We have a column for reference/resources, one for the backlog of work, which is all the tasks outstanding for the project. A blocked column for any work that cannot be started due to another outstanding piece of work, there’s then an In Progress column for anything we’re working on right at that point, a big report column for any bugs that have been reported. A QA column for the client or another team member to check the work that has been marked for review and then finally a Done column for work completed.

This setup has been great for us as previously we all used different notes apps and could never settle on one. So having one place to check in and see what needs to be done is great. And being able to assign tasks to people means you can easily see what you need to do on any given project.

When you have both Trello and Slack working together, it gives a nice way for people to get a complete overview of what’s happening on a particular project. Even if you’re not working on it, and one of the advantages of this open communication is that it leads to spontaneous contribution, so if a client has asked one of the team a question and someone else knows the answer they can just add their thoughts to the Slack channel.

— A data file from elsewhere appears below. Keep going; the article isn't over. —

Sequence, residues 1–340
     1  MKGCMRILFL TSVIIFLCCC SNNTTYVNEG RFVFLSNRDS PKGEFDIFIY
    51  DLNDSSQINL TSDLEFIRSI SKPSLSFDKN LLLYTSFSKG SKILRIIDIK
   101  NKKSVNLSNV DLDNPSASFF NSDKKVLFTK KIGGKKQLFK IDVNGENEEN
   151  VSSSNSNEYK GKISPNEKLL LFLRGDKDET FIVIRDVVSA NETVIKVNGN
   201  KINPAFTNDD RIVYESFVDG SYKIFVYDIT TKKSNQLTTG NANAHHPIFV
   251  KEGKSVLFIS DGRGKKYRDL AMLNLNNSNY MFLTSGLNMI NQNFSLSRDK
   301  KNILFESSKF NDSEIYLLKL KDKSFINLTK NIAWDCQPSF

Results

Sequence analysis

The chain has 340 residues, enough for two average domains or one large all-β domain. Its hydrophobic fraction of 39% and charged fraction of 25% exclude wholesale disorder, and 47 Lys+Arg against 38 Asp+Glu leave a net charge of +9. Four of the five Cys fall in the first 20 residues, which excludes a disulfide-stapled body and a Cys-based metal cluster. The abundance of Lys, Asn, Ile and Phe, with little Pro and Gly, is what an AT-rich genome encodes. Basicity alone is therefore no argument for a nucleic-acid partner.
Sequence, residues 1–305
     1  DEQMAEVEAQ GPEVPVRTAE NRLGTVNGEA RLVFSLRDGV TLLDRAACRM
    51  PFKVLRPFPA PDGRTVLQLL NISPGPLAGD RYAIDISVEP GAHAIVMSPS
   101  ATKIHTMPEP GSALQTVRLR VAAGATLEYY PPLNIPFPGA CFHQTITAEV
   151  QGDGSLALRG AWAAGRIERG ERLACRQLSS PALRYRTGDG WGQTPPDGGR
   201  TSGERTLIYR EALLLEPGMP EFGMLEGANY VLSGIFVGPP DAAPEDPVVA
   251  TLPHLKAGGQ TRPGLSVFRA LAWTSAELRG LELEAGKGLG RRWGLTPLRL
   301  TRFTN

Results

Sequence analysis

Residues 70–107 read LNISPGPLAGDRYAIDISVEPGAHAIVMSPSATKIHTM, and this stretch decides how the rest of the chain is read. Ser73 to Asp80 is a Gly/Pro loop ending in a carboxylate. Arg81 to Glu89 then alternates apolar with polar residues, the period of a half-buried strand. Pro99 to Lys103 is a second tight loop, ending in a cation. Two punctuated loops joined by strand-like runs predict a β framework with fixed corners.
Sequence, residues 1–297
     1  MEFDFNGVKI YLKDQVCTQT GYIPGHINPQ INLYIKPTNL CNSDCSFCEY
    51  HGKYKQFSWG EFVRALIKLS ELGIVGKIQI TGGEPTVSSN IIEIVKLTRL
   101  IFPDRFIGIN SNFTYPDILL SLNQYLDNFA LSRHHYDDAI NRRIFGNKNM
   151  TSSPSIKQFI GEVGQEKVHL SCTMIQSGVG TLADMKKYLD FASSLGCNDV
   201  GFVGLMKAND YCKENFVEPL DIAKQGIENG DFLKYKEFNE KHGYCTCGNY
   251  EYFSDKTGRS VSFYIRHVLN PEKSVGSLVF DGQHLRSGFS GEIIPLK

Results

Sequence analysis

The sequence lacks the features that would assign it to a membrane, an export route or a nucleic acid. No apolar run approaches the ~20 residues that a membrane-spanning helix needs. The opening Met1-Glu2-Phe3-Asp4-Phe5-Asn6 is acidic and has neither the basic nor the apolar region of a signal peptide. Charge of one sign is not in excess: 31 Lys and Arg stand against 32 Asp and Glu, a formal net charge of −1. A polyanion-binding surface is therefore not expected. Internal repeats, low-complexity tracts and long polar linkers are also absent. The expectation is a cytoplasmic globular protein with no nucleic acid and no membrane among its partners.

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.03 Google Drive

We use Google Drive a lot, but it’s not typically seen by the client as much. It’s the one place that we keep all our documentation, contracts, service agreements etc.. And although our proposals go through InDesign, to be nicely polished up, they start out as a collaborative document in Google Drive.

Put simply, it’s a great tool that can be used for collaborative writing and well worth checking out.

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.04 Dropbox

Of course, there’s probably very few people who’ve not heard of Dropbox. So we don’t really need to go into much detail here, but we couldn’t imagine a life without Dropbox for sharing work folders and large images with our team and clients. It just works.

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.05 GitHub

Ryan has been using GitHub for a while (he even talks about it in his book, Version Control with Git). GitHub, or similar, is a must have if you’re working with a developer, and particularly if there are multiple people working on a project at the same time.